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MANILA, Philippines – Ethical questions raised on the apparent premature campaigning by some senatorial aspirants in the May 2013 polls have prompted Senator Miriam Defensor-Santiago to file a measure seeking to ban early political activity in any media.
Santiago said that because of a controversial 2009 Supreme Court decision, a premature campaign is no longer an offense, thus creating what she called “a wretched loophole in the law.”
She called the present situation “preposterous, ridiculous, and ludicrous.
"It might be legal, but is it ethical?” Santiago asked her audience of some 1,000 college students in a forum at Eulogio Amang Rodriguez Institute of Science and Technology (EARIST) in Sampaloc, Manila.
Santiago was guest speaker at a symposium on Saturday, sponsored by the graduate student council of the EARIST.
Santiago said she will file a bill to amend the Poll Automation Law, Section 13 which provides that “a person shall only be considered as a candidate at the start of the campaign period for which he filed his certificate of candidacy.”
According to a Comelec resolution, the campaign period for the May 2013 elections begins on February 12, 2013, but since August, some candidates have been advertising themselves in traditional media, meaning TV, radio, and print; and others in bus billboards.
Among them are former Las Pinas Rep. Cynthia Villar with her Hanep ang Buhay campaign ads, Senator Francis “Chiz” Escudero endorsing a food product and Aurora Rep. Juan Edgardo Angara endorsing a family health product. The case of TESDA Director General Joel Villanueva has often been raised as well by critics, noting the proliferation of various ads and billboard announcements on the agency programs, with Villanueva’s image shown prominently .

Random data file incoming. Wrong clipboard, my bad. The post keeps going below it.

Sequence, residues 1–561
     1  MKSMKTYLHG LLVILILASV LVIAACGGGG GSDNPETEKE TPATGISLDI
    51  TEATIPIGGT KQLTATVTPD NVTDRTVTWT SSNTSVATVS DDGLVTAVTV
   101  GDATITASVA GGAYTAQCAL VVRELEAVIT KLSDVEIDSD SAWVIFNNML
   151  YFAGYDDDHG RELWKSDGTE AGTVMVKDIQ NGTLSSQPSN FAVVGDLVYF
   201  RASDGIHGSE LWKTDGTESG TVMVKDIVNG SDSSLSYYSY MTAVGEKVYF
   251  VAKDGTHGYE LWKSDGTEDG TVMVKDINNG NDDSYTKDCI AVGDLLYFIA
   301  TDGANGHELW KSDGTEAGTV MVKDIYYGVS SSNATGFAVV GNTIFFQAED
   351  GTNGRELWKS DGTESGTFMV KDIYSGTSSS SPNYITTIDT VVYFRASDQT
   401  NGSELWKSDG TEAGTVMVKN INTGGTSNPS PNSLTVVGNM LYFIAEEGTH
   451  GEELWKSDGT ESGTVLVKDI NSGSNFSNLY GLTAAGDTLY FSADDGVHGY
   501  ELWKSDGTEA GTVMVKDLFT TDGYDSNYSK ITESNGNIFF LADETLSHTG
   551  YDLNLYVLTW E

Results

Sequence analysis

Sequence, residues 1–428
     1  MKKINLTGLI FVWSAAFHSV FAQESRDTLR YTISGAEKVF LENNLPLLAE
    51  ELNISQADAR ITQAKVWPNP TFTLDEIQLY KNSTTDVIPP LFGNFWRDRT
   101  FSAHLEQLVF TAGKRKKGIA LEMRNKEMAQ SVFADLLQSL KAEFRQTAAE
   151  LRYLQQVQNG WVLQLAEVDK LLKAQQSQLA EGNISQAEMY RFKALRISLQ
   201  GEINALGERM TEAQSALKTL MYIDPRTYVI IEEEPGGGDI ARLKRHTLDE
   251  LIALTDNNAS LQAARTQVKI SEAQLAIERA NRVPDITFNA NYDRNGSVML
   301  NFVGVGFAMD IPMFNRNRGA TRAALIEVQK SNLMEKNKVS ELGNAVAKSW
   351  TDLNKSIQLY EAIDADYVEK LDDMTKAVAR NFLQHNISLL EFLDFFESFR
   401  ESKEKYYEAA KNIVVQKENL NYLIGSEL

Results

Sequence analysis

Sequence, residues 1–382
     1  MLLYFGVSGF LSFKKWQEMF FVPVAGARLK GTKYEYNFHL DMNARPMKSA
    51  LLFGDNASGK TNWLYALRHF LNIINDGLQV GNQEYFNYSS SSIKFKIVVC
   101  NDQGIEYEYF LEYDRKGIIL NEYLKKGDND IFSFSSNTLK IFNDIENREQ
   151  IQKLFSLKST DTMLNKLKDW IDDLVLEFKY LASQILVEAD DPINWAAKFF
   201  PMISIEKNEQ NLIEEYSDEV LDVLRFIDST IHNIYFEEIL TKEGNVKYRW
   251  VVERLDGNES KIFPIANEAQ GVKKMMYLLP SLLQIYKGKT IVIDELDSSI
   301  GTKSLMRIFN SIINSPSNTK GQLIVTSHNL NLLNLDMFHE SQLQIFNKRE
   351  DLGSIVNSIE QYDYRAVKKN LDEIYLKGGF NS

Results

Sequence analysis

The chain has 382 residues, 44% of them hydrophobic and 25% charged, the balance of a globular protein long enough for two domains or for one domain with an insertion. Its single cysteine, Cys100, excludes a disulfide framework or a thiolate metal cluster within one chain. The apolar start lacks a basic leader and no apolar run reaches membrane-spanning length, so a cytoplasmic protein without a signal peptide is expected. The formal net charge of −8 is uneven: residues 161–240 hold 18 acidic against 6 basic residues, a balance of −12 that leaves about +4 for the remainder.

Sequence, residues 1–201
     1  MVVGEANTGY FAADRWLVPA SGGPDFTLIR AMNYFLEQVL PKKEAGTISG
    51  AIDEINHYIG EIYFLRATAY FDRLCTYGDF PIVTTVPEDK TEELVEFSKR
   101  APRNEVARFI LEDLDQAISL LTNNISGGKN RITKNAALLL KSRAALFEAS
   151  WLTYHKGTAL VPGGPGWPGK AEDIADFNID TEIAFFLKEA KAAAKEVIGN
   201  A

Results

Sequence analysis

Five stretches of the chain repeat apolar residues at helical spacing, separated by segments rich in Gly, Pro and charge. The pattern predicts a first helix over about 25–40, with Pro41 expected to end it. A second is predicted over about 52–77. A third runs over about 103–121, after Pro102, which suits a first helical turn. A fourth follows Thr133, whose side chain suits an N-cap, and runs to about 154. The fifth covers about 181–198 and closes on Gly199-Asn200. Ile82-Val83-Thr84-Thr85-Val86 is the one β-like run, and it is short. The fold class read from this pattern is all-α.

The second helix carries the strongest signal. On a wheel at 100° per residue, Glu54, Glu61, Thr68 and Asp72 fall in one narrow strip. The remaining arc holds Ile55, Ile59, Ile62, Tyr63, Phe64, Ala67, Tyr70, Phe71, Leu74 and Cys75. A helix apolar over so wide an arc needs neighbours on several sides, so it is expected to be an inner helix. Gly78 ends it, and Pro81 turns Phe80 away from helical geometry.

Santiago said the confusion about premature campaigning was caused by the controversial split decision of the Supreme Court in the 2009 case of Penera v. Comelec.
To overturn the controversial Penera decision, Santiago said her bill will require candidates to file a Certificate of Intention to Run for Public Office or CIRPO, six months before the deadline for the filing of a certificate of candidacy.
Santiago’s CIRPO bill will prohibit any potential candidate from certain acts, such as endorsing any product or service; accepting any employment in any media outfit; or buying any space in radio, print, or TV to advertise himself or any product or service.
The senator said her bill will give the Comelec the power to define what constitutes electioneering.
She also urged her audience and the public to use social media such as Twitter, Facebook, and blogs to protest the ongoing premature campaigns by certain senatoriables, as she warned aspirants of a backlash in early campaigning.
Although Santiago has been absent for sometime from Senate sessions, because of health issues, she said that she forced herself to appear as a courtesy to EARIST, which invited her two months ago. But she said it is uncertain whether she can attend Senate sessions before the break, which begins on September 22.
Santiago began her speech with her anticipated jokes, particularly pick-up lines.